MacGuffin's Curse is an adventure puzzler that promises comedy, addictive puzzles, and a compelling story. The name alone should give you a hint at the humor, and the puzzles are reminiscent of those found in Zelda-style dungeons. Without having completed the game, it's impossible to say how fulfilling the story is, but it does have a nice hook to keep you playing.
With all the indie games coming out every month, it's hard to know which ones are worth looking forward to, but this title is certainly one to keep an eye on. There is adventure, romance, and creepy little girls in abandoned parks.
MacGuffin's Curse (iPhone, iPad, Mac, PC [previewed])
Release: April 19, 2012
The entire story centers around the thief Lucas MacGuffin. When you meet him, he is about to break into a museum to steal the Lupine Twine Amulet, but because it would be a very short and boring game if everything went smoothly, Lucas sets off alarms which put the entire city on lockdown. He also puts the amulet on, gains the ability to turn into a werewolf, and discovers he can't take the necklace off. At least he doesn't go only halfway when making a mistake.
Each area is made up of a number of rooms or sections which are all standalone puzzles requiring a mix of MacGuffin's human and lupine skills. As a human, you can push buttons, open doors, and crawl through windows, and as a werewolf, you can move boxes, clear rubble, and dig. The only way to change is by standing in pools of moonlight. Should you get stuck on a puzzle, P.I. Strump, an ex-detective who bullies MacGuffin into teaming up, will lend a "helping hand," by which I mean he'll insult you then tell you what to do. If you really mess up and get completely stuck, there's even a reset button, and fortunately, there's no penalty for hints or resets.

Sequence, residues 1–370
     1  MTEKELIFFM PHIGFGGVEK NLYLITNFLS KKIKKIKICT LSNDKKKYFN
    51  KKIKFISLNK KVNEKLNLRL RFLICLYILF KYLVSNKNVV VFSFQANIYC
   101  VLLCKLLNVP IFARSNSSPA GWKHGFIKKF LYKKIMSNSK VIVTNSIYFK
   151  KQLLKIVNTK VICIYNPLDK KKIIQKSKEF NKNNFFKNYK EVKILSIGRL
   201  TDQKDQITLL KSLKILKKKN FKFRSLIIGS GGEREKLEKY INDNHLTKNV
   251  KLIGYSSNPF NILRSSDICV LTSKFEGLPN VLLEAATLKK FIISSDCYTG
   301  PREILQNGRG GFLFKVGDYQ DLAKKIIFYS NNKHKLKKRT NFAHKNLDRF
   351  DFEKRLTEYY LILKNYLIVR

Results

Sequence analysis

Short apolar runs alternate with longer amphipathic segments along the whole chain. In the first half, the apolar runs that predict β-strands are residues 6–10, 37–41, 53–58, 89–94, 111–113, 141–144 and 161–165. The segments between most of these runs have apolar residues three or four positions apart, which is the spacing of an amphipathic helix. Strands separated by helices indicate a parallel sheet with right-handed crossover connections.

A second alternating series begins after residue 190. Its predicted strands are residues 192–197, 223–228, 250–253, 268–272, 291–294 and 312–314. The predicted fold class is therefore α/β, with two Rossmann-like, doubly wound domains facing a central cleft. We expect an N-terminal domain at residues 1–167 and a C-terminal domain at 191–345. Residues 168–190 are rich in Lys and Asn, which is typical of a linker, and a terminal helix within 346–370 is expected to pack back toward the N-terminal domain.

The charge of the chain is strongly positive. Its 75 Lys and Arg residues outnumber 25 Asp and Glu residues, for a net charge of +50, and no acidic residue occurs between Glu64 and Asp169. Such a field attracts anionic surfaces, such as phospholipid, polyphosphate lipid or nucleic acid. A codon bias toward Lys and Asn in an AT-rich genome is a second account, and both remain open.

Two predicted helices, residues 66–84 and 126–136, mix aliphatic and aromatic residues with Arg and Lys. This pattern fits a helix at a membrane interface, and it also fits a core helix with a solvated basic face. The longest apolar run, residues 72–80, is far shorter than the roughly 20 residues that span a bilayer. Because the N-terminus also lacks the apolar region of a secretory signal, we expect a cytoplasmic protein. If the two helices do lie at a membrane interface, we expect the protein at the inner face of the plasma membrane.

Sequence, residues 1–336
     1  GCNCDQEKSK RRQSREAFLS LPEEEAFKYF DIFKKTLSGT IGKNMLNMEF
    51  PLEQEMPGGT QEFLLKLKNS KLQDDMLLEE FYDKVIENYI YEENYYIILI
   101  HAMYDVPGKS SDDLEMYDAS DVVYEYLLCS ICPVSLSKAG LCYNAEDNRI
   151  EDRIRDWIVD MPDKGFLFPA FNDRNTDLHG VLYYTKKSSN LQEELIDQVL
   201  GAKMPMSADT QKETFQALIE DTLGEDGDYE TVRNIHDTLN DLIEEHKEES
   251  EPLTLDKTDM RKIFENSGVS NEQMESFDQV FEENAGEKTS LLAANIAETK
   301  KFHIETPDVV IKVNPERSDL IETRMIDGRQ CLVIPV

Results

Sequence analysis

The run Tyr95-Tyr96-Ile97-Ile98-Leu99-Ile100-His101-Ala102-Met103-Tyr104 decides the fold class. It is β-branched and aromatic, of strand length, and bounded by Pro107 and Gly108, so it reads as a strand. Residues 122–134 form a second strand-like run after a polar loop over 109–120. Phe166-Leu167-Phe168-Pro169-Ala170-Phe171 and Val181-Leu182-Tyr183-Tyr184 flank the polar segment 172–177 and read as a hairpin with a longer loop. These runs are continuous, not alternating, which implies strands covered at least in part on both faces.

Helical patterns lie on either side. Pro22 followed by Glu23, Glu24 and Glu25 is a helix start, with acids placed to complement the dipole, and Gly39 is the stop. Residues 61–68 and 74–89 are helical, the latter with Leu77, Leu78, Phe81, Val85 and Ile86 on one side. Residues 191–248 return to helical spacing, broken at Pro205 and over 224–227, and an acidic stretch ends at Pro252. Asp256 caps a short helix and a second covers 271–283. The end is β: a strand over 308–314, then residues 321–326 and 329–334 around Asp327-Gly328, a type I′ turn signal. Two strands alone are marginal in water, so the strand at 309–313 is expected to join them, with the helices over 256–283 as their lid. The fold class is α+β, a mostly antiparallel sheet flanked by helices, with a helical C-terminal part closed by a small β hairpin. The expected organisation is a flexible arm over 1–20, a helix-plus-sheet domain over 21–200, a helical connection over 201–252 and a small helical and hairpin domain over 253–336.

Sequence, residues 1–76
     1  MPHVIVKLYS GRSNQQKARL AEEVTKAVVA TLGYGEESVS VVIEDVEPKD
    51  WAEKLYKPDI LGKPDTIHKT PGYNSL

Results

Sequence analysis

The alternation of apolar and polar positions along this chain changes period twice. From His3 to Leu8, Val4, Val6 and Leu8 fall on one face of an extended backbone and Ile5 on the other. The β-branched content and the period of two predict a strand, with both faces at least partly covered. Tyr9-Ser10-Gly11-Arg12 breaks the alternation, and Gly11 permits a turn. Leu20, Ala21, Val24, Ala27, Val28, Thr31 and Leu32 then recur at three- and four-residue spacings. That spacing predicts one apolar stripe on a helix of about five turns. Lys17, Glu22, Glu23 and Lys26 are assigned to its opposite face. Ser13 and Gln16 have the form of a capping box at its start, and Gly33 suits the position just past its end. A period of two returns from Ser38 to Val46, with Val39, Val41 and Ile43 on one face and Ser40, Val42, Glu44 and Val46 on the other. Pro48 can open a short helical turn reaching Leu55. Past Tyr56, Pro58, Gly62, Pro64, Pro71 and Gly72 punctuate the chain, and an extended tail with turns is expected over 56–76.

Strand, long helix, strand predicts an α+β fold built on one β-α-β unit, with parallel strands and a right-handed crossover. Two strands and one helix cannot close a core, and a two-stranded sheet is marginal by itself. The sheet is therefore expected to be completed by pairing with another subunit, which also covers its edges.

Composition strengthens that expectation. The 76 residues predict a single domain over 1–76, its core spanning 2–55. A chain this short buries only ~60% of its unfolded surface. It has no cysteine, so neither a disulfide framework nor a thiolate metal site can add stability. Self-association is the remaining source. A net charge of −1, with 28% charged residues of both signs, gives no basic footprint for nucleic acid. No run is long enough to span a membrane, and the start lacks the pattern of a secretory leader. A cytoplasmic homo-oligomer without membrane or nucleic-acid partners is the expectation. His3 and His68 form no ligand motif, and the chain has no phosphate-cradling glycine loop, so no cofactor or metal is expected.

Controls are simple, at least on the PC, as there are labels for everything. The direction keys control movement and another two keys control all other interactions. This is also a good time to mention that there no version of this game is a port of another -- each version was worked on separately to avoid any weird or awkward control transitions between platforms.
The entire adventure is filled to the brim with dialogue, and not just between MacGuffin and his pals. You can examine just about everything in the game and make comments on them. Quite a few such observations were amusing enough to get a laugh or a chuckle out of me, like one that made mention of "a guy in red and white stripes hiding behind a tree." The writers don't take themselves too seriously, and that sort of gleeful tomfoolery was highly entertaining.
Instead of fully animated cutscenes, you are treated to hand-drawn comic strips that progress the story, while scraps you find through exploration provide backstory. These static comics fit well with the rest of the art, especially the character portraits you'll see during dialogue.
When interacting with other people, there are multiple dialogue options, many of which are very funny. There seems to be only one correct choice to advance the conversation, but selecting the other options are usually kind of amusing.
Besides talking to everyone you meet, there are also vaults to open, money and comic scraps to collect, and a home to decorate. There are probably even more things to do that I didn't get to yet, but the game looks like it will have a bit of everything to keep you entertained. It seems like a good mix of causal and serious gameplay for anyone interested in puzzlers or adventures.
There's another month to go until MacGuffin's Curse sees release, but the Brawsome team seems to be on the right track. Hopefully, the puzzles will present a bit more of a challenge further in, and I'm slightly concerned about whether the level of comedy can stay so high without becoming tired. However, what I have seen so far looks promising, so I have high hopes for this quirky indie game.